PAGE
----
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Call for Proposals: Non-Standard Employment | RSF - 0 views

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    The Russell Sage Foundation/Kellogg Foundation's Initiative on Non-Standard Employment seeks to support innovative social science research on the causes and consequences of the increased incidence of alternative work arrangements in the United States. We define alternative work arrangements as temporary help agency workers, on-call workers, contract workers, and independent contractors or freelancers. We use the terms non-standard employment and alternative work arrangements interchangeably. This initiative falls under RSF's Future of Work Program and represents a special area of interest within the core program, which continues to encourage proposals on a broader range of labor market issues.
    We are especially interested in novel uses of new or under-utilized data and the development of new methods for analyzing these data. Potential sources of data include the 2015 Survey of Enterprising and Informal Work Activities (EIWA) of the Federal Reserve Board of Governors and the 2017 Contingent Worker Supplement (CWS) of the Current Population Survey. Proposals to conduct field experiments, in-depth qualitative interviews, and ethnographies are also encouraged. Smaller projects might consist of exploratory fieldwork, a pilot study, or the analysis of existing data. RSF encourages methodological variety and inter-disciplinary collaboration. The foundation will consider proposals for cross-national research that has clear implications for the U.S. labor market.
MiamiOH OARS

Tools for Reducing the Risks of Child Labor and Unacceptable Conditions of Work in Wome... - 0 views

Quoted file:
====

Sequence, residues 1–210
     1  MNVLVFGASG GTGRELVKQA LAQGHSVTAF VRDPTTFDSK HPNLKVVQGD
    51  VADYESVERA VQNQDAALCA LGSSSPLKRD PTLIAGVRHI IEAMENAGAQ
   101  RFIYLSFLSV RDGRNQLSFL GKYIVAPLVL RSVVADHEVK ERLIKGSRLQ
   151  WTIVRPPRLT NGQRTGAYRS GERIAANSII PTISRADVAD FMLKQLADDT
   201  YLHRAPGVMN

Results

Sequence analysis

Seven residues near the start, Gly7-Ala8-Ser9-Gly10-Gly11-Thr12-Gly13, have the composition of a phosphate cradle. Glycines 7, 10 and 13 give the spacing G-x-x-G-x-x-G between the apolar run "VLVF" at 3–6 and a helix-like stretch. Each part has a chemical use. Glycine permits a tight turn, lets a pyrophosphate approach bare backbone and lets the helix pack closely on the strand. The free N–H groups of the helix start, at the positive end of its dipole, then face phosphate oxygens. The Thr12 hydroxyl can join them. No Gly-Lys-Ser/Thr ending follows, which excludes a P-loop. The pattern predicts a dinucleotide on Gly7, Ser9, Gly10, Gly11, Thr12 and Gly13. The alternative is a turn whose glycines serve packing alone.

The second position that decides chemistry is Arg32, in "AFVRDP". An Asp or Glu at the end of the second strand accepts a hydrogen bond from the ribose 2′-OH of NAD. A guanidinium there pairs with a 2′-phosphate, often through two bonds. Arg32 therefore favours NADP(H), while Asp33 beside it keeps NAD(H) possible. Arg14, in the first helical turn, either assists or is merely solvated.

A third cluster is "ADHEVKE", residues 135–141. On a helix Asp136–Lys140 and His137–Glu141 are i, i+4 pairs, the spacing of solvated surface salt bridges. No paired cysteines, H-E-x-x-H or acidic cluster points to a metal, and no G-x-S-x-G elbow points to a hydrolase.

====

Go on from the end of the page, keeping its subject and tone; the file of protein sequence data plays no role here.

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    The Bureau of International Labor Affairs (ILAB), U.S. Department of Labor announces the availability of approximately $1.5 million total costs for one or more cooperative agreements to fund a project to integrate the issues of child labor alleviation and acceptable conditions of work into women's economic empowerment initiatives. The project intends to support service providers and policy makers when working with women entrepreneurs to ensure women-led enterprises can improve livelihoods responsibly without resorting to child labor or harmful labor practices. The project's outcomes include: Outcome 1: Increased understanding of child labor and acceptable conditions of work in the context of women's economic empowerment initiatives. Outcome 2: Increased availability of tools to integrate child labor awareness and acceptable conditions of work into women's economic empowerment initiatives. Outcome 3: Demonstrated effectiveness of tools in mitigating child labor and unacceptable conditions of work in women's economic empowerment initiatives. Outcome 4: Increased awareness and adoption of tools to integrate child labor awareness and acceptable conditions of work into women's economic empowerment initiatives by a broad range of stakeholders.The duration of the project will be a maximum of 4 years (48 months) from the effective date of the award.
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